Temporal range: Middle Miocene[1]
Scientific classification
Kingdom: Animalia
Phylum: Chordata
Class: Reptilia
Order: Squamata
Suborder: Serpentes
Infraorder: Alethinophidia
Family: Acrochordidae
Bonaparte, 1831
Genus: Acrochordus
Hornstedt, 1787
  • Acrochordina - Bonaparte, 1831
  • Acrochordidae - Bonaparte, 1840
  • Acrochorniens - A.M.C. Duméril, 1853
  • Acrochordidae - Jan, 1863
  • Acrochordinae - Boulenger, 1893
  • Acrochordoidae - McDowell, 1975
  • Acrochordini - Dowling & Duellman, 1978[2]

  • Acrochordus - Hornstedt, 1787
  • Chersydrus - Cuvier, 1817
  • Chersidrus - Oken, 1817
  • Acrochordus - Gray, 1825
  • Chersydreas - Gray, 1825
  • Chershydrus - Bonaparte, 1831
  • Verrucator - Schlegel, 1837
  • Chersydraeas - Gray, 1849
  • Potamophis - Schmidt, 1852
  • Chersydraeus - Duméril, Bibron & Duméril, 1854
  • Acrochordus - Boulenger, 1893[2]
Common names: wart snakes,[3] Java wart snakes,[4] file snakes, more.

The Acrochordidae are a monotypic family[3] created for the genus Acrochordus. This is a group of primitive aquatic snakes found in Australia and Indonesia. Currently, 3 species are recognized.[4]



Acrochordus javanicus

All are entirely aquatic, lacking the broad belly-scales found in most other snakes and possessing dorsally located eyes. Their most notable feature is their skin and scales. The skin is loose and baggy, giving the impression of being several sizes too large for the snake, and the scales, rather than overlapping, are tiny pyramidal projections that lead to their common names.

These snakes are ambush predators, lurking at the bottom of rivers, streams and estuaries, and waiting for fish to approach, which they grip with their coils. The rough scales allow them to hold the fish despite the mucus coating. Adults grow to between 60 cm and 2.43 m in length.

Common names

Wart snakes,[3] Java wart snakes,[4] file snakes, elephant trunk snakes, dogface snakes.

Geographic range

Found from western India and Sri Lanka through tropical Southeast Asia to the Philippines, south through the Indonesian/Malaysian island group to Timor, east through New Guinea to the northern coast of Australia to Mussau Island, the Bismark Archipelago and Guadalcanal Island in the Solomon Islands.[2]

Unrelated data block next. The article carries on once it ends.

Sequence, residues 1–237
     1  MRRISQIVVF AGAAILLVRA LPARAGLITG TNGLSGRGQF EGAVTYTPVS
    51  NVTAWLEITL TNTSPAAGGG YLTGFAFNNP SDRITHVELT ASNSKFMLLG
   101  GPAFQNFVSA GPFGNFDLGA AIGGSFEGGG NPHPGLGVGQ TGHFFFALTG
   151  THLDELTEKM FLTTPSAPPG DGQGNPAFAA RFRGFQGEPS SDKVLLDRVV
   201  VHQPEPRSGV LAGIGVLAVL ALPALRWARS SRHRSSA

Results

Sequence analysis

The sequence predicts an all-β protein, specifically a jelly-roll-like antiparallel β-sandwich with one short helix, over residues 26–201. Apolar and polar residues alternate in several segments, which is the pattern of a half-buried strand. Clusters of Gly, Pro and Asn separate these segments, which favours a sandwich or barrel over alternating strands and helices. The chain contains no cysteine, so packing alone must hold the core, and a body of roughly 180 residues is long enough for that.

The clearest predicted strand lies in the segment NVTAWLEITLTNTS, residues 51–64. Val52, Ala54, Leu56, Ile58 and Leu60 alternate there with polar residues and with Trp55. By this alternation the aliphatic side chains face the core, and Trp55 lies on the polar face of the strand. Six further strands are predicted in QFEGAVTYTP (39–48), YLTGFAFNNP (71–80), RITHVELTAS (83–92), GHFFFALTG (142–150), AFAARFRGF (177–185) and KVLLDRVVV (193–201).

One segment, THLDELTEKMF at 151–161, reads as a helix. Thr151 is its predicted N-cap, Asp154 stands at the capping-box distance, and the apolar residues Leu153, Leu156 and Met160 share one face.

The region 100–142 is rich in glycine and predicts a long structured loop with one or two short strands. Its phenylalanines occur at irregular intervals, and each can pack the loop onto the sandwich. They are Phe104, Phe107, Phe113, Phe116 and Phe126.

Species[4] Taxon author[4] Common name Geographic range[2]
A. arafurae McDowell, 1979 Arafura filesnake[5] New Guinea and northern Australia.
A. granulatus (Schneider, 1799) Little filesnake[6] Peninsular India, Sri Lanka, Myanmar, the Andaman Islands, Thailand, Cambodia, Vietnam, China, the Philippines, Malaysia, Papua New Guinea, the Solomon Islands, and coastal northern Australia.
A. javanicusT Hornstedt, 1787 Javan file snake[7] Southeast Asia from Vietnam, Cambodia and Thailand, south through Malaysia, Singapore and Indonesia (Sumatra, Java and Borneo).

T) Type species.[2]

Commercial exploitation

These animals are rapidly becoming rare as their hides are used for handbags and leather (stripped of scales, of course). Numerous attempts have been made by both zoos and private reptile collectors to keep them, but in all cases, they have been reluctant to feed and prone to skin infections.

See also

  • Acrochordidae by common name
  • Acrochordidae by taxonomic synonyms
  • List of snakes, overview of all snake families and genera.


  1. ^ Sepkoski, Jack (2002). "A compendium of fossil marine animal genera (Reptilia entry)". Bulletins of American Paleontology 364: p.560. Retrieved 2007-12-25. 
  2. ^ a b c d e McDiarmid RW, Campbell JA, Touré T. 1999. Snake Species of the World: A Taxonomic and Geographic Reference, vol. 1. Herpetologists' League. 511 pp. ISBN 1-893777-00-6 (series). ISBN 1-893777-01-4 (volume).
  3. ^ a b c "Acrochordidae". Integrated Taxonomic Information System. Retrieved 16 August 2007. 
  4. ^ a b c d e "Acrochordus". Integrated Taxonomic Information System. Retrieved 16 August 2007. 
  5. ^ Species Acrochordus arafurae at The Reptile Database. Accessed 16 August 2007.
  6. ^ Species Acrochordus granulatus at The Reptile Database. Accessed 16 August 2007.
  7. ^ Species Acrochordus javanicus at The Reptile Database. Accessed 16 August 2007.

External links

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